Quiet

Not a doctor, just my stories

Today is a new day I forgive myself for yesterday…

Before loud there was quiet.

The first twenty-five

According to family lore I was a happy baby and an outgoing talkative toddler. I also could be quite still. Like weirdly still, if someone would put me in a chair I would stay there and observe everything around me turning my head to whoever was talking before I was even verbal. The Eastern Europeans (my dad’s side) thought I was a genius. I am not, my parent’s did not think so either.

My parents studied fine arts and theatre, my mom loved movie and stage musicals, my dad loved opera and jazz. They wanted to expose their little princess to all the things they loved as soon as possible. Too soon but hey they were excited.

When I was three, they took me to see a ballet of Romeo and Juliet. When Juliet died I thought she was really dead I did not understand it was make believe and I got hysterical, my dad hugged me and explained and then the curtain opened and she was alive. That was an early introduction to the performing arts.

When I was four they took me to see the original stage production of Pippin. It was a really big deal at the time, groundbreaking. My parents saw it three times and wanted their little princess to experience this game changer. I enjoyed the singing and dancing but could not follow the story at all, it takes place during the age of Charlemagne and it’s about finding yourself. (I’m simplifying) So as I mentioned Charlemagne so during the second act there was a number called War. The cast comes out in breast plates and helmets with horns and black and white makeup and I got you guessed it hysterical.

To my point, my parents were awesome they just had no idea what a kid was, literally. They treated me like an adult and I tried to comply so my emotional development was a little stunted, trying to be a grown-up without the tools. I did have a room full of books and toys, was read to and taken to many kid friendly events and eventually had a little sister, I was pissed about that.

So the problem about being treated like an adult too soon. My dad was a Holocaust survivor. Trauma left him with a need to impart his experiences and I believe find ways to grieve. He also had lost his mother when he was nineteen and it left him depressed for the rest of his life.

So to whom did he impart to? Me, when I was very young. I believe he thought he was preparing me for life but like with the theater I was absorbing things way too young. It made the world a terrifying place I did not have the luxury of carefree years.

He told me stories about World War II, about the Hungarian Revolution, about his mom and how amazing she was. I loved him so much. I listened raptly to the stories. I was so young though I couldn’t keep the wars straight and I confused WWII when the Nazis were the bad guys with the Hungarian Revolution when the Russians were the bad guys.

I also I sensed he was so broken by his mother’s death that I became convinced he would die when I was nineteen the age he was when she died. I was aware and afraid of death for as long as I can remember.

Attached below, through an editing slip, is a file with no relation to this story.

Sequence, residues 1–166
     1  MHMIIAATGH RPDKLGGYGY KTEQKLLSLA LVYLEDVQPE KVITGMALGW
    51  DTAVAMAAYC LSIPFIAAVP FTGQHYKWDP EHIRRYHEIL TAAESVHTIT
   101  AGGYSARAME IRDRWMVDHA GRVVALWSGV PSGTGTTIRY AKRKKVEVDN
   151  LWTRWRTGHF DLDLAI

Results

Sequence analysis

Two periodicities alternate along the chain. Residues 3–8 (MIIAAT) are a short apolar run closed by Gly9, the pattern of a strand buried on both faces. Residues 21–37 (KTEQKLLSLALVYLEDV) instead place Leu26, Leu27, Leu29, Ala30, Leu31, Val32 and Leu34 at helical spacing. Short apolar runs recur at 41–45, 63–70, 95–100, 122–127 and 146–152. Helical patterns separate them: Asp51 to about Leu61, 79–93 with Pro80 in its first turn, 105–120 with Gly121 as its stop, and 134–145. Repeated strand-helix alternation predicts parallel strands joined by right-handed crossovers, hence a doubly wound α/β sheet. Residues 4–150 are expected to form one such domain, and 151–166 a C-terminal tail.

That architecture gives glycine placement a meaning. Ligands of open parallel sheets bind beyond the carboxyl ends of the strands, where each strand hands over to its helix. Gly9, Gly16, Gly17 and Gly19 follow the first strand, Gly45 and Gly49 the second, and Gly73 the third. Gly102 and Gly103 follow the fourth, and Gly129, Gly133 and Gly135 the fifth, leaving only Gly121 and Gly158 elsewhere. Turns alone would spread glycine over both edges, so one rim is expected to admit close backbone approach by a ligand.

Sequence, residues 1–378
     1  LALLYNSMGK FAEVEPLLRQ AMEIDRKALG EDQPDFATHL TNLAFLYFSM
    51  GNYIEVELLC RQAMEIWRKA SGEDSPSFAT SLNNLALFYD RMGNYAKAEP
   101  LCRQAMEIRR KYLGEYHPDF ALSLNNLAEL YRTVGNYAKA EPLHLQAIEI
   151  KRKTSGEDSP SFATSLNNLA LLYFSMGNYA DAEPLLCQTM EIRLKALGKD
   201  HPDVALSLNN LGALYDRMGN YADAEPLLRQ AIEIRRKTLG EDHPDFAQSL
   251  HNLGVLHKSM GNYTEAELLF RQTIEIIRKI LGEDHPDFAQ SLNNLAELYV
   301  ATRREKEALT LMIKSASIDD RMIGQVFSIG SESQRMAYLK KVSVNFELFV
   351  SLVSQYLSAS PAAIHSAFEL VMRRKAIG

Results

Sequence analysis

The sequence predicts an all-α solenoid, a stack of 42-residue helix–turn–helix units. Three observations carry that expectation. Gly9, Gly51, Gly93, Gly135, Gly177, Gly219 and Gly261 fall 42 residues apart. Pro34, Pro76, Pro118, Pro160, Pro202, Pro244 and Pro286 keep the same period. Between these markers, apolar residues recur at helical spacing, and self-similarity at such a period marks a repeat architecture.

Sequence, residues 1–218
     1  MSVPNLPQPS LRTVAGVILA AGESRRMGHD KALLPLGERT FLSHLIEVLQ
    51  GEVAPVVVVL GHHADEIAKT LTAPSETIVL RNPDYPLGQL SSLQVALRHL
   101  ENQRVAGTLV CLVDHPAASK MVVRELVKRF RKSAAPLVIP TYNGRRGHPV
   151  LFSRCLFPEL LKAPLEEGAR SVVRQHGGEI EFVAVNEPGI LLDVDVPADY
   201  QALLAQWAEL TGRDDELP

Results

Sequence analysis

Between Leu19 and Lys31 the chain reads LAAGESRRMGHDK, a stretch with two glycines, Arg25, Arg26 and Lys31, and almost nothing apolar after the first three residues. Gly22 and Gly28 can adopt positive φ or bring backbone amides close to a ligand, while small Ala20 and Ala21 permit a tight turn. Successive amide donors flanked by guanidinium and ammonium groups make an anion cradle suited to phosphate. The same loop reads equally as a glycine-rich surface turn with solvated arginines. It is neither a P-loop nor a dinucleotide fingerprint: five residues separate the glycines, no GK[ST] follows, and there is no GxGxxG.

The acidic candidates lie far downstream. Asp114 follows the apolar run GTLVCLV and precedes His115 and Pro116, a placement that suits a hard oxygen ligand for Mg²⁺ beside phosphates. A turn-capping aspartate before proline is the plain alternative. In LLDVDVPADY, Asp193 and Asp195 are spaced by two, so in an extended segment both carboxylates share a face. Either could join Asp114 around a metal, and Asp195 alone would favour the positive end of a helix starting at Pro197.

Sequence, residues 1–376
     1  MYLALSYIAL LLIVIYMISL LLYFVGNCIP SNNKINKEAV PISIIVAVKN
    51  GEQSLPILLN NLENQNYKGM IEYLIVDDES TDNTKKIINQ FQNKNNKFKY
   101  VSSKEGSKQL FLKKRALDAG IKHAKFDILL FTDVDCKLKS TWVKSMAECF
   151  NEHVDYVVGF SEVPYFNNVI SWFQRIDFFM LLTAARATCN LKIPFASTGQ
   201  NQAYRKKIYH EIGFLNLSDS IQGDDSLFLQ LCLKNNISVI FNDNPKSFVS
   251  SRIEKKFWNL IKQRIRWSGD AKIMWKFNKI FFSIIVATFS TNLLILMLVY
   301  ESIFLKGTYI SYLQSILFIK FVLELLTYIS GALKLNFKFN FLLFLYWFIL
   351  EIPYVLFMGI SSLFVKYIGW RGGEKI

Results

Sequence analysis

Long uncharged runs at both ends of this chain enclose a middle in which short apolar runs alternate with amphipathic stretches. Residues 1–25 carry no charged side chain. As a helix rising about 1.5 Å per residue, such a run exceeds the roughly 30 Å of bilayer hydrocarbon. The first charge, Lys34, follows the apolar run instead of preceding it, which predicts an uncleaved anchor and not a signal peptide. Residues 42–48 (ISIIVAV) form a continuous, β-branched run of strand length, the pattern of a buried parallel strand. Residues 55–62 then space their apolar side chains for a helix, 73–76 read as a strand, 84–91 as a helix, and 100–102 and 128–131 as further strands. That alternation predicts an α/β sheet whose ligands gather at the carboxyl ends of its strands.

So as I grew I had tremendous anxiety and I did not gain the survival skills my dad was going for. I dived into fantasy, watched endless hours of television to learn about the world I was not engaging in.

Bipolar disorder is generally diagnosed in someone’s twenties not necessarily childhood but I was so nervous I was practically mute and I lived in a foggy bubble where I felt safe and calm. I can only describe my mindset as a child since the prevailing wisdom about mental issues at the time was that it was a phase and I would just grow out of it, no treatment or diagnosis.

I believe my issues stemmed from a combination of nature and nurture. I had some mental issues that just were part of my makeup and how my brain worked and I had parents who were in our home, inside world, shy, scared, sad, and I absorbed it all. Every mood, every nuance I picked up on. My dad’s stories, my early exposure to the adult world. Heightened empathy an aspect of bipolar disorder.

I definitely was depressed. As far as manic I believe I was but it was like I was a tuning fork that was vibrating so fast it seemed like I stopped moving. I was frozen in terror. I barely talked, I daydreamed, I would pace up and down with music on fantasizing about a life I wasn’t living; about a person I felt I would never be. I thought I was boring and that I had no personality.

The second twenty-five

I would characterize my first twenty-five years as the depressive years. I had three full clinical depressions at sixteen, twenty-two and twenty-five. When I roll my bipolar symptoms into my thinking about my life now it has two perfectly bisected halves, the first twenty five very penguin completely south (depressive) (quiet) and the second twenty five very polar bear completely north (manic) (loud) The through theme is anxiety and ADD.

What changed? Work, taking care of myself, driving, talking, reading, realizing I could be funny. Falling in love, finding my Sam. Making peace with my fears, taking responsibility for my thoughts, feelings, and behavior.

The second half of my life is so drastically better and that is what I focus on in this blog; my day to day but I am also reflecting on my past and that is helpful. Twenty-five to fifty (one) is also a combination of nature and nurture. My brain works the way it works, then there is awareness, therapy, medication, love, life, hopeful not hopeless.

I still have to manage, cope and work daily to keep mindful of my swings and to be present in life. Present is hard, it’s hard for everyone.and I always try to get to the equator, the end game, mood stabilization. Whatever the hell that really means. When the sun broke through the fog I wasn’t cured there is no “cure” but there is happy. I’m happy.